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(Re-)Teaching the Voice In Our Heads

My six year old sat at the dinner table last night and said, “I’m terrible at opinion writing.” A few tears and probing questions later revealed that she was expected to produce a certain quantity of writing. Not being able to meet first grade quota had caused her to opine she was a terrible writer.

Thankfully at six years old that voice can be easily redirected. But that voice can grow exponentially more powerful and limiting as an adult. 

I asked people on every major social media platform to answer the question, “What is the worst thing you have ever told yourself professionally?” These are just some of the responses that came back:

“I will always be mediocre.” 

“I am not cut out to do the work I am passionate about.”

“Why would people buy from me?”

“I am not qualified to be here. It is just a matter of time before they find out.”

“I’m afraid they can lie more convincingly than I can tell the truth.”

“Maybe they are right.”

“There is no point. Why bother.”

“Go get a real job and stop dreaming.”

What does the world stand to lose if our doubts and fears become our reality? What if we could shift our thinking? What does the world stand to gain if we can learn to manage and reconstitute that voice in our head?

According to David Naylor, Executive Vice President of Global Learning and Development at 2logical, that voice in our head is a simplified definition of Motivational IntelligenceTM. The broader definition, according to 2logical, is “...the study of what causes people to act and/or react a certain way to life’s situations/experiences.” 2logical, “The World’s Leading Expert in Motivational IntelligenceTM” contends those that possess this capacity:

  • Hold themselves accountable to their aspirations

  • They seek out and adapt in response to feedback

  • They are eternal optimists and possess an Energizer Bunny-like perseverance

  • They are doers and show a bias toward action

  • And they refuse to let fear and comfort dictate their opportunities

If reading this makes you feel you have a few things to work on, there is good news. When asked if Motivational IntelligenceTM is something that can be learned, Naylor responded with an emphatic, “Yes!”  In fact, 2logical exists because of the belief that organizational performance can be significantly enhanced when we leverage training around mindset.

2logical trains employees at all levels within organizations ranging from small companies to industry leaders. What they have found, according to Naylor, is that “...when Motivational IntelligenceTM training is paired with skill-based training, learning becomes sticky.” Indeed, follow up with employees who had undergone Motivational IntelligenceTM training through 2logical reported overwhelmingly that they were using the learnings from that training on a daily basis, even nine months post-training.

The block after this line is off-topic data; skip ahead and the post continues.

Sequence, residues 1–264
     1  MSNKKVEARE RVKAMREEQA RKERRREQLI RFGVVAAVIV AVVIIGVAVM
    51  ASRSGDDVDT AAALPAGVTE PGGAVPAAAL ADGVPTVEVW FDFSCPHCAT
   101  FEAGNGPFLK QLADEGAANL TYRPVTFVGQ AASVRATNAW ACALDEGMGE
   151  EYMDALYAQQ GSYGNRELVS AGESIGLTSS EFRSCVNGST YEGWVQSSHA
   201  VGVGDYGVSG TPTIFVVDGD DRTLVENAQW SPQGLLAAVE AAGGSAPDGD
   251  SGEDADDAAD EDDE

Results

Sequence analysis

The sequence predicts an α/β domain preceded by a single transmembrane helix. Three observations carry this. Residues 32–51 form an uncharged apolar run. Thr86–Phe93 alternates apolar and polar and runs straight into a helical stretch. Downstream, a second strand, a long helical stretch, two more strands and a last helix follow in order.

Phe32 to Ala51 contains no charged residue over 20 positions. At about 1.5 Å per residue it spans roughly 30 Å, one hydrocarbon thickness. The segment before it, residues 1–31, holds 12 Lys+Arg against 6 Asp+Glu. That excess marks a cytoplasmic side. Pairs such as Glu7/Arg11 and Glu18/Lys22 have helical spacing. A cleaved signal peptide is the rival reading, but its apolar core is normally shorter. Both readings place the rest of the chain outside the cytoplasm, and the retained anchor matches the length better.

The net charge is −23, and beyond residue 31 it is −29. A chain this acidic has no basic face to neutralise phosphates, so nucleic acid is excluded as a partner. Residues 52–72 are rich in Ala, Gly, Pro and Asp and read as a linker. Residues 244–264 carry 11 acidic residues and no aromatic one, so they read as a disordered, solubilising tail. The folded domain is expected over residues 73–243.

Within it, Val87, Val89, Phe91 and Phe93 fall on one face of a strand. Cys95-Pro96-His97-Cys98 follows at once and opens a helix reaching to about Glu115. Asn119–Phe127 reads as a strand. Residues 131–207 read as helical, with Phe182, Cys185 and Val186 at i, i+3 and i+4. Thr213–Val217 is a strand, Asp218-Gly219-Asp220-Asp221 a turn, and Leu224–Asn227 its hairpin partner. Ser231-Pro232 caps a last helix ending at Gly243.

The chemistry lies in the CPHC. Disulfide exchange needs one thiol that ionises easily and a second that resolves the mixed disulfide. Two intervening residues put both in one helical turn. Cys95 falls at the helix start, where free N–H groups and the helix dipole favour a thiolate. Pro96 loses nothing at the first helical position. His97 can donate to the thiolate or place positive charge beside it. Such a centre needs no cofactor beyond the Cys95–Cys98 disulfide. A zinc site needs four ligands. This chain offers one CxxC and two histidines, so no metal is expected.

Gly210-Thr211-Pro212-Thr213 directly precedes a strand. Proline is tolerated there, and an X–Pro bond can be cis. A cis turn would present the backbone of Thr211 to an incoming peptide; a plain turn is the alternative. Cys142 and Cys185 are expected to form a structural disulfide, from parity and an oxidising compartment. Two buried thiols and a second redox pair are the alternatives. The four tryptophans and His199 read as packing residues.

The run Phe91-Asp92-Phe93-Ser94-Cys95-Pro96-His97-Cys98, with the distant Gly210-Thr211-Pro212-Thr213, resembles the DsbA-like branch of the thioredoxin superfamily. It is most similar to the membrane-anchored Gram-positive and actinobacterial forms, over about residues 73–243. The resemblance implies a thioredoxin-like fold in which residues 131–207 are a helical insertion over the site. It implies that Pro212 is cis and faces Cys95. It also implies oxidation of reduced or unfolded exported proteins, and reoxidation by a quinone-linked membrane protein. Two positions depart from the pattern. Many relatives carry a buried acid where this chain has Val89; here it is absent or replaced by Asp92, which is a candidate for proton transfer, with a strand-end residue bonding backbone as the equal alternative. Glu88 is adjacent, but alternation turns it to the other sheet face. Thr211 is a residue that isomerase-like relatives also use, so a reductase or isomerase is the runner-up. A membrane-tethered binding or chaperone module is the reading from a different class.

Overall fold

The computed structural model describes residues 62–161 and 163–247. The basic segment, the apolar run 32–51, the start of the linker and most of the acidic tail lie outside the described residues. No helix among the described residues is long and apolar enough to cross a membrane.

According to Naylor, we all possess Motivational IntelligenceTM. In fact, in some cases, children possess a higher degree of it than adults who have been conditioned to think in terms of limitations vs. possibilities.  Without Motivational IntelligenceTM, we would never have believed ourselves capable of walking, talking, learning to ride a bike, or even applying for our first job. But the degree to which we can decondition the negative voice in our head and recondition it to encourage us to get back up, take initiative, be brave, and push through fear, is the degree to which we will ultimately be successful in whatever we endeavor. This is true of us personally and of our organizations.

As a parent and educator, it knocked the wind out of me to know this training is in high demand among professional adults. Clearly there is more we can be doing to help kids harness the intrinsic Motivational IntelligenceTM with which they come hardwired.

In my own family, this evening’s dinner conversation is going to start with, “What are some of the things you said to yourself today?” I see more clearly that we can be taught to identify and differentiate between positive and negative thoughts. Processing those thoughts externally and teaching ourselves to challenge them by examining the triggers, evidence, and impact on actions seems like a reasonable first step.

In schools, isn’t “sticky learning” the goal? At a time where Social Emotional Learning demands are at an all time high PK-12 and the need for “soft skills” dominates Higher Ed and workplace conversations, it seems all but intuitive to layer Motivational IntelligenceTM with content and skills. Learning about ecosystems through the lens of resilience, college and career counseling through the lens of initiative, social justice issues through the lens of accountability, and health through the lens of courage are a few of the limitless possibilities for which schools must make room if they are to share responsibility.

For all of us it bears consideration: What do we, our families, our organizations, and the world stand to lose or gain if we are ruled by the voice in our heads? Somehow it feels like our future depends upon that voice being motivationally intelligentTM.

At the very least, clearly my kid’s future as an editorial columnist does...

If you are interested in partnering with 2Logical to grow the Motivational IntelligenceTM of your organization, you can reach out to David Naylor by connecting with him on LinkedIn or via email at

© 2018 4Good Consulting   |   P.O. Box 1604, Litchfield, CT 06759     (203) 980-0292

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